Facebook “Code” Reveals More Details About Aquila

Project Loon isn't the only unconventional internet-provider in town November 1, 2017

MOUNTAIN VIEW, Calif. — With all the talk about Project Loon lately, it’s important to know that it’s not the only unconventional means of providing internet connectivity under development in Silicon Valley. 

As part of their commitment in getting more people online, the Facebook connectivity team is developing new technologies and business models to bring affordable internet to more people, faster.

“While pioneering these technologies often comes with its own set of diverse challenges, we believe these new technology building blocks are important investments to advancing global connectivity. Our Aquila program, focused on High Altitude Platform Station (or HAPS) connectivity, is one of those building blocks,” quoted from a recent posting of the Facebook “Code” blog.  (We’ve previously written about the Aquila program here.)

ITU defines HAPS as “station(s) located on an object at an altitude of 20 to 50 km at a specified, nominal, fixed point relative to the Earth.” Regarding the Aquila program, Facebook engineers are focused on building a commercially viable HAPS connectivity system architecture, comprising the following elements:

·       Communication payloads that allow for data to be transmitted from the ground to the aircraft and back to the ground again, either to provide connectivity or to command and control the aircraft. They can also connect aircraft to other aircraft, satellites, air traffic control (via line of sight radio link), and/or ground control stations.

·       Aircraft that are designed to stay aloft for months at a time while providing connectivity to earth, with associated ground control stations and airfields located in remote areas away from populated areas and commercial air traffic.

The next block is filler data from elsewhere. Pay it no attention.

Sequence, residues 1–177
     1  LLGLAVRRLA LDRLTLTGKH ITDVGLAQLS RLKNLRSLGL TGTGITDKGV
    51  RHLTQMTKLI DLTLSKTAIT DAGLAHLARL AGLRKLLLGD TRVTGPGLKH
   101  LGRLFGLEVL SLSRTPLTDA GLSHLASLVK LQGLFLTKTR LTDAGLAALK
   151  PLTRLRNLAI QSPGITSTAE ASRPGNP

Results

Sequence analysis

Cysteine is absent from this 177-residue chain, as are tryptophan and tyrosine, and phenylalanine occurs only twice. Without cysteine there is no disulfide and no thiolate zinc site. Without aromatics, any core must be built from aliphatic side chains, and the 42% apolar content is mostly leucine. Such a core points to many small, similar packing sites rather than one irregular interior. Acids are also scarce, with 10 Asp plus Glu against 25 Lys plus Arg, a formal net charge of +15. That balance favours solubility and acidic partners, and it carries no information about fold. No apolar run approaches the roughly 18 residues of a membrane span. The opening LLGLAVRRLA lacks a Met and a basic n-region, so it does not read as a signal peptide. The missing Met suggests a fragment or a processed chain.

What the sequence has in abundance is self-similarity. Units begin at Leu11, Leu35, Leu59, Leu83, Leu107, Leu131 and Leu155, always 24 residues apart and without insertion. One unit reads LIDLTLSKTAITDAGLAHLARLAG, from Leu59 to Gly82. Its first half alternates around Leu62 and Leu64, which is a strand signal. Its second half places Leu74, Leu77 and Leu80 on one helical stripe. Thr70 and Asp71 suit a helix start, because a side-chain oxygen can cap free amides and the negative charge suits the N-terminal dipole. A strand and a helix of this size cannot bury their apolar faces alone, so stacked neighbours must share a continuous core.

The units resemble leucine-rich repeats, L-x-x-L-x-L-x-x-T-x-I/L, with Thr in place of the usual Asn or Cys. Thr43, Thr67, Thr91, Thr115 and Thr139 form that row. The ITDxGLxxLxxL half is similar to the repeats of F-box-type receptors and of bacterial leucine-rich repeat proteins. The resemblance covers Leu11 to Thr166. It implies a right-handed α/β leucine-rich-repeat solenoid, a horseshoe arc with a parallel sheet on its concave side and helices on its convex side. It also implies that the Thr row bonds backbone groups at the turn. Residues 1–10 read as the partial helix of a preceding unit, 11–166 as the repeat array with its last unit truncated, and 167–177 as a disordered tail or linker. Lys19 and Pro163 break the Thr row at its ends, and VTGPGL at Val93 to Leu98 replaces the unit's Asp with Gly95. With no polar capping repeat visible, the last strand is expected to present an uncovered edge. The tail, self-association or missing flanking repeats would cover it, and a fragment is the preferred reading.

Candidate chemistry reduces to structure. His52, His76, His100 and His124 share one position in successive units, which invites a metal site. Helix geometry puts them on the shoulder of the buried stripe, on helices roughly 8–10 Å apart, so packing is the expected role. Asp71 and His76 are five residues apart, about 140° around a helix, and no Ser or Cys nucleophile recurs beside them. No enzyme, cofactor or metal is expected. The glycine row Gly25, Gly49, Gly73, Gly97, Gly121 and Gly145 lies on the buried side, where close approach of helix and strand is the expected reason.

·       Fleet operations that allow the fleet of aircraft to be controlled from one location, with very little interaction needed from flight operators.

·       Gateways that connect the communication payloads to a fiber Point of Presence (PoP). Typically, these gateways will be within the coverage area of a communication payload and located near a fiber PoP.

·       Fiber Points of Presence (PoP) that provide internet connectivity to the Gateway. This point is the location where a long-distance carrier provides connections to local telco providers.

·       Cell base stations that provide connectivity from the communication payload to mobile operators. These stations have hardware and antennas that receive data from the communication payload to provide backhaul connectivity.

·       Access Points (APs) which includes things like antennas and modems, serving as ground-based fixed links that communicate with the high-altitude platform station and redistribute their connectivity to end users by other wired or wireless means.

“...We believe that by working with government stakeholders, partnering across the industry, and leveraging Facebook's technology and resources, we can build a HAPS connectivity system to connect more people in more parts of the world,” according to the blog.  

 

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